Darwin Martin House Complex

Buffalo, New York

Owner: Martin House Restoration Corporation

Project Value: $50 million

Completed: various

Architect: HHL Architects

Size: 29,000 sq. ft.

Located in the historic Parkside neighborhood Buffalo, N.Y., the Martin House Complex was once the residence of business executive Darwin D. Martin. Built at the start of the 20th century, the complex is considered one of Wright’s architectural masterpieces and a great work representing his Prairie House style. The original design has six connected structures, all with the same look and feel to create unity. Situated on 1-1/2 acres the buildings include the main house, the Martin House; the Barton House, built for Martin’s sister; the 100 ft. pergola, which links the main house with the conservatory; the conservatory which features a replica of the Nike of Samothrace statue; the carriage house, garage and stable; and the gardener’s cottage.

Over prior decades, the Martin House Complex suffered considerable damage and three of the original five buildings were lost. In 1992, Martin House Restoration Corp. (MHRC) was formed to manage the restoration efforts.
In 2000, our team was named construction manager of this monumental reconstruction and historical restoration effort. MHRC was looking for a partner to continue to work at bringing this iconic group of structures back to its original grandeur. Of course this effort would be done in small phases, as funds were available and while occupied with tourists.

We began with Phase II, and restoring existing foundations, constructing a new mechanical room, reconstructing the veranda floor, installing perimeter drainage, as well as other immediate needs. Phase III focused on reconstructing the three historic portions of the complex that had been demolished: the conservatory, the pergola and carriage house.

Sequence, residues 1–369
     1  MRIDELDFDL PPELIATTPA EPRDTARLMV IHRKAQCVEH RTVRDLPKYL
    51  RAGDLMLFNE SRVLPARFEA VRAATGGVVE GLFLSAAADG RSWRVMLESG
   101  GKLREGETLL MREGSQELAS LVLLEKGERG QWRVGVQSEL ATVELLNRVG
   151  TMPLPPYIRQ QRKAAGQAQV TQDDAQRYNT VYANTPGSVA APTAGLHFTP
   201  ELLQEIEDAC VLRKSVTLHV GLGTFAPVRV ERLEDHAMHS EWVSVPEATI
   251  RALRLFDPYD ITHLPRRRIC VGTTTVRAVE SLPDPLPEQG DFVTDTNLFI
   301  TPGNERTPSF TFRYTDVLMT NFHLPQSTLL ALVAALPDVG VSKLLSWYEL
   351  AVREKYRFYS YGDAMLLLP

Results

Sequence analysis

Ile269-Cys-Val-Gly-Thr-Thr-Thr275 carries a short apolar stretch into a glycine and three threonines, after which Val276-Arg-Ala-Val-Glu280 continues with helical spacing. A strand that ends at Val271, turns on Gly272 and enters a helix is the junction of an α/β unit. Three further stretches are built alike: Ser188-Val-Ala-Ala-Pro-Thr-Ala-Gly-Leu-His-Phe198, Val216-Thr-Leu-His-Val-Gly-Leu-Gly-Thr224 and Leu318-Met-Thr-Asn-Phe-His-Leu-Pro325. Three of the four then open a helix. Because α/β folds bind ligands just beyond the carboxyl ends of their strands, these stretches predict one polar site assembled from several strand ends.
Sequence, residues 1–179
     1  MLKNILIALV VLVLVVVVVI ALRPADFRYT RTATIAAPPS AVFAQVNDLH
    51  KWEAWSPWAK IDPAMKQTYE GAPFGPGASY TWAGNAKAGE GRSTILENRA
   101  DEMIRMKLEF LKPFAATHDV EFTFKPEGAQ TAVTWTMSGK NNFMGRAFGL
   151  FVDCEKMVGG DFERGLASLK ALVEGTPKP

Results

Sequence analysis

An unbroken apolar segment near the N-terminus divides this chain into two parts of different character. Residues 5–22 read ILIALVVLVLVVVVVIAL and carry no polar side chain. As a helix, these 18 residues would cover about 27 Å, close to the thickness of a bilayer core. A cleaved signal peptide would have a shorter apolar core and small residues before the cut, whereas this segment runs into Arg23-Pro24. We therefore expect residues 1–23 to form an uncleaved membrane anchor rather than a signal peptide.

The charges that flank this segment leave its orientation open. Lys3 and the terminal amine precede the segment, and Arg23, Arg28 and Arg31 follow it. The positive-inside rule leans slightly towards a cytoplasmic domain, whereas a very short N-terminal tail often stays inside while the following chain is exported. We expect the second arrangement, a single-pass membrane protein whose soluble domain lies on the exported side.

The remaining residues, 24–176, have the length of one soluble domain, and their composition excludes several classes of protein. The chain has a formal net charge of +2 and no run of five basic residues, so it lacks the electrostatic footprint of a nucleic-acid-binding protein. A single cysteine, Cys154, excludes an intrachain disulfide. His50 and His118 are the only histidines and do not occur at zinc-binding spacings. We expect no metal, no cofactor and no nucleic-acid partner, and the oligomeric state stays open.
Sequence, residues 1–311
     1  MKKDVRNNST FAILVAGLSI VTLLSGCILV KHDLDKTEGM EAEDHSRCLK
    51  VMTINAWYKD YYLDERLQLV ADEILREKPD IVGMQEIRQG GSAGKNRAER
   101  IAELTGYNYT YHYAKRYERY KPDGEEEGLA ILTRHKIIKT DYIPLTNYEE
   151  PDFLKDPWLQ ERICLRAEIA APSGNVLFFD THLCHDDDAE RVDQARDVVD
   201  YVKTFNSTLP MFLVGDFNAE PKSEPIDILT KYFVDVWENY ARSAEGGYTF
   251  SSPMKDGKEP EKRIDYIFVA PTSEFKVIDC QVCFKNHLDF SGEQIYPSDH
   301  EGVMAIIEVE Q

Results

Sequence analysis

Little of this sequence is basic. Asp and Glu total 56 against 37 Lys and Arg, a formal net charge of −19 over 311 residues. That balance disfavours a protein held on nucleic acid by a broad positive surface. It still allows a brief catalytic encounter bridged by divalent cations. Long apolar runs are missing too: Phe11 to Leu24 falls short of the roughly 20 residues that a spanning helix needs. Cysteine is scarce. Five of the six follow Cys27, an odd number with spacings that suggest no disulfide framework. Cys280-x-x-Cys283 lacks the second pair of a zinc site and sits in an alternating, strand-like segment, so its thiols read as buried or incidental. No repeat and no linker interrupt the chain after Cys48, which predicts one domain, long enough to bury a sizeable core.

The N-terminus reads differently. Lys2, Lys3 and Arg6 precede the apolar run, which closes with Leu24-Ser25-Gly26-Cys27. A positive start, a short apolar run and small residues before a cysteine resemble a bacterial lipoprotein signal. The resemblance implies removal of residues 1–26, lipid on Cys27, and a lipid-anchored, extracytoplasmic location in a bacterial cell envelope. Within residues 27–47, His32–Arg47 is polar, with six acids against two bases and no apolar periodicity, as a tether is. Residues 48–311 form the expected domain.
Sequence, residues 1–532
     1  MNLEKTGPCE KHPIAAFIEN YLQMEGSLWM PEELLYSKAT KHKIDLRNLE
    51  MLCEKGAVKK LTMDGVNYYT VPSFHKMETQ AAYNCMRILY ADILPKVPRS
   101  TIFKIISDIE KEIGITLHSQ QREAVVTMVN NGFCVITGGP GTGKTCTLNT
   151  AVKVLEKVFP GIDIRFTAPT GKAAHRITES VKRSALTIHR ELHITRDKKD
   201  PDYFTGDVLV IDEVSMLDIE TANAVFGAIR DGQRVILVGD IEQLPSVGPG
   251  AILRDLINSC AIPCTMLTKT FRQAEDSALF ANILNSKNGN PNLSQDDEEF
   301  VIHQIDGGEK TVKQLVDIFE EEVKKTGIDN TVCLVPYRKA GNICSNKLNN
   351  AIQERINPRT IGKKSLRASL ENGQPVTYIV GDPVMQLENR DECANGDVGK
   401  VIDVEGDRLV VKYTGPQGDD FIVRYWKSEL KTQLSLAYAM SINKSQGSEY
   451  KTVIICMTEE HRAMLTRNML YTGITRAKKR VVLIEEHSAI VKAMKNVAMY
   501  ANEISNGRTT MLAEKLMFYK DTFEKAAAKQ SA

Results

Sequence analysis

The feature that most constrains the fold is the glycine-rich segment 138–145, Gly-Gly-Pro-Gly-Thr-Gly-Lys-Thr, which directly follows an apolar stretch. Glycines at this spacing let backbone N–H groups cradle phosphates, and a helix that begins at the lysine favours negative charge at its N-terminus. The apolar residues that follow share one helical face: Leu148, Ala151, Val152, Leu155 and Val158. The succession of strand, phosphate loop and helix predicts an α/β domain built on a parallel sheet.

In 2007, Phase IV renovation work included restoration of the exterior envelope of the Martin House itself, as well as reversal of changes to exterior walls made by the Martins in 1920.
While Phase IV was taking place on the house, our team was named construction manager for the welcome and interpretive center – The Eleanor and Wilson Greatbatch Pavilion in 2008. Designed by Toshiko Mori Architect of New York, the purpose of the center is to provide a visitor support space, exhibition space, permanent galleries and amenities. Completed in 2009, the pavilion added a new landmark to the complex. The project received the 2010 AIA New York Chapter Architecture Honor Award for the project.

In 2010, Phase V began with upgrades to several systems in the Martin House. The main house was integrated into the geo-thermal exchange heating and cooling system, and accessibility was also added. Then, attention turned to the details in 2012 with extensive interior wood trim, plaster, paint finishes and exterior site-work. This highly specialized and detail-oriented work is completing the restoration of the main Martin House to its 1907 appearance. As this work is completing in phases, the extensive collection of original furnishings entrusted to the New York State Office of Parks, Recreation and Historic Preservation, Bureau of Historic Sites, is being reinstalled in the Martin House according to our Historic Furnishings report. Of the 394 pieces of original art glass, several are being reinstalled including the famed “Tree of Life” window.

Over the course of this project, our team member’s passion for details is evident. Details such as sourcing local craftsmen for bricks, and ensuring the unique head-joint and bed-joint mortar colors are true. Finding river retrieved cypress logs to ensure the era of the wood used for trim matches original circa 1900s materials. Just a few examples over the course of nearly two decades of commitment to this iconic structure.